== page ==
One last question and then I'll turn the thread back over to Caleb (sorry): In my research, it seems that the trail is almost always done from south-to-north. Is there a reason for this? Is it because many folks like to use the tram for that initial elevation gain? It seems like north-to-south might work nicely if you don't plan to use the tram. Are there other considerations? I'm probably missing something.
I haven't done the TCT, but have also done some research on it and would like to attempt it one of these years. From what I've read, South-to-North just has better views and that's why most people do it that way. If you go North-To-South, the views of the Grand are behind you after the first day or two.
Thanks, Mike!

Now that you say that, I think I may have read something similar at some point during my research too. Seems like pretty decent motivation to go south-to-north.
Mike is right. Hiking from Death Canyon Shelf, over Mt Meek pass all the while having the Grand staring you in your face as it slowly grows is worth it alone. Not to mention the truly jaw-dropping view as you look down Hurricane Pass into South Fork of Cascade Canyon. I've also come down North Fork of Cascade Canyon, which has a fantastic view of the Cathedral group. However, heading that direction you are going to be hiking with the goods at your back after exiting Hurricane Pass into Alaska Basin.
I second the suggestion on spending time in Alaska Basin (possibly camping there too). One of my favorite spots on the trail. Granted, it makes the mileage short going NOBO into south fork Cascade, but that area is also amazing, and I wish we had taken an extra day near the top end of SF Cascade to explore more.

Also, while I understand the allure of taking the tram to eliminate the uphill at the beginning (especially for a first-time-ever backpacking trip), the routes up are very pretty too. We went up Granite Creek to South Fk Granite, and it was pretty freaking awesome. The meadows in the last few miles before the junction with the tram-trail had the some of best wildflowers we have ever seen anywhere.
Ya know, Absarokanaut is probably right. And one of those shake-down trips at 8k to 9k..... Especially since you never know how you'll handle carrying a pack at 10,000'.

Against our better judgment, my wife and I let a couple of first-timers accompany us on our TCT trip a few years ago. Wish we hadn't.

I do hope you have a chance to get your feet wet on a few weekenders before you tackle the TCT.
I mean, what is the TCT, maybe 40 miles from Phillips Pass? Less from the Tram. I did a three-day section of the TCT several years ago. At that point, the sum total of my backpacking experience was:

1) A college trip to the Smokies in March where I got badly hypothermic, carried sixty pounds, and wore cotton, and
2) A three day trip up Kings Peak, which I did immediately prior to driving to the Tetons to start the TCT.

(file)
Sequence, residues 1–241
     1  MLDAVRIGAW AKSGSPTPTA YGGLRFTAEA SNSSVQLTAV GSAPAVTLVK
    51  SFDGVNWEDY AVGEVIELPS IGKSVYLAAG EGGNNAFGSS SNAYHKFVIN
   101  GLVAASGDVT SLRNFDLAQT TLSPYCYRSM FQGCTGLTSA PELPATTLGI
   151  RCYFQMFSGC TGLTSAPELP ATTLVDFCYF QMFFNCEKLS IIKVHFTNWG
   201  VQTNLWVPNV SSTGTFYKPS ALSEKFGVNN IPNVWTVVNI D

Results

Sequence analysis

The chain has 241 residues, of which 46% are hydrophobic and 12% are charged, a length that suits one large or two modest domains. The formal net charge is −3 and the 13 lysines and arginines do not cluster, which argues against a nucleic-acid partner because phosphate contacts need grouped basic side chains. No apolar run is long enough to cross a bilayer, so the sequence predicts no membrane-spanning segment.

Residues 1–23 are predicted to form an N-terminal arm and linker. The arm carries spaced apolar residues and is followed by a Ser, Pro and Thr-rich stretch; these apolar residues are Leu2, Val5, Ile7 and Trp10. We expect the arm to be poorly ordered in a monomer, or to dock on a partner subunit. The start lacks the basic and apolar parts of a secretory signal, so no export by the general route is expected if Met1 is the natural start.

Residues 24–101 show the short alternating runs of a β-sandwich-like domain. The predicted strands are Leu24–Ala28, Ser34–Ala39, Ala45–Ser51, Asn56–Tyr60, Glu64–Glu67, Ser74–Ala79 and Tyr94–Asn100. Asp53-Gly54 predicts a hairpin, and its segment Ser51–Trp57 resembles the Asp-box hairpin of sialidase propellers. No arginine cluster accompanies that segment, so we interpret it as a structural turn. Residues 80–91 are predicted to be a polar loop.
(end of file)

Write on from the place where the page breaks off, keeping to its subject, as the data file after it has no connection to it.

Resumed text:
I was the noobiest noob there is. I survived. I had a blast.

Not to diss on anyone here (there's a TON of collective experience here, and I'm certainly not the elder statesman of the backpacking world), but I'd feel very comfortable recommending at least a portion of the TCT to someone as a first backpacking trip. It's really hard to get lost, the effort/reward ratio is top notch, and information is plentiful. And I'd argue that there are plenty of bailout options. Granite Canyon, Death Canyon, and Cascade Canyon. At the end of the day, you've got to start somewhere. And while the Tetons are no joke, it's not like we're curing cancer or climbing Everest here. Do your research, plan modest days, spend a couple days at altitude before you start to acclimate, carry suitable rain gear, and you'll pretty much be fine.

But more to the point, the best way to set yourself up for a long, enjoyable "career" as a backpacker, is just to get out on your local trails, even if they're not the Tetons. Get the reps, not because you'll die in the Tetons if you don't get them, but just because... it's just plain fun. Stoked for you man!!!
Yeah, I also get that too, @LarryBoy - the TCT is one of the easiest 'epic' trails out there, and a lot of first-timers would have no problem with it. Part of the reason we allowed that first-time couple to go with us on the TCT was because of the minimal cumulative ascent, and the multiple bailout options just in case (the ones you mention on the WY side, plus a few on the ID side going down toward Victor.... if one really had to.....)

Still, even with our noobs who came with us, one had a horrible time and became a super-asshole and nearly ruined the trip for everyone else; the other one struggled but was tough as nails and had the best experience of her life, and I am glad we helped to give her that experience.

That said, we had told them to do a weekend shake-out trip first, to get their gear/equipment/packing bugs tweaked and adjusted. Even one weekend shakeout trip before a week long (or 4-day, 5-day) trip will go a long ways into ironing out kinks that will make the longer trip a much better experience.

We had a buddy (friend from high school 35+ years ago) want to try some backpacking with us last year..... As a teenager he was naturally athletic, he's got a great psyche, but he hasn't done anything this physical in decades. We planned out an easy route in the Smokies, 2 nights, mileage of 5, 7, and 8 per day. The first 5 miles to the first night's camp was enough - too much. Next morning, we bailed with just 5 miles out, for a total of 10 miles but dude's back was not capable. We knew beforehand that was a possibility, hence the easy route with 'quick' bailout options. Had that been the TCT, everyone in the party would've been screwed.

So yeah, I think many [/most?] could do the tram-TCT with no problem at all. But there are a few who won't...... A weekend shakeout trip will go a long ways towards alerting & filtering out that segment that needs more preparation. Not to mention make it a better trip by using it as a 'tune-up' to iron out the kinks in gear-fit, packing, etc.

@Caleb , not trying to be a wet-blanket.... I hope you make it happen. But I hope you make it happen safely, and have the best possible time you can. FWIW. Do that sucker right. :)
I think we can agree that everyone's first trip is a definite learning experience and you're gonna take some hard knocks out there. Nothing to do with the specifics of the Tetons.

The question, which you rightly raised, is whether you want those to come on your dream trip,or whether you want to learn those lessons in practice hikes before the big event.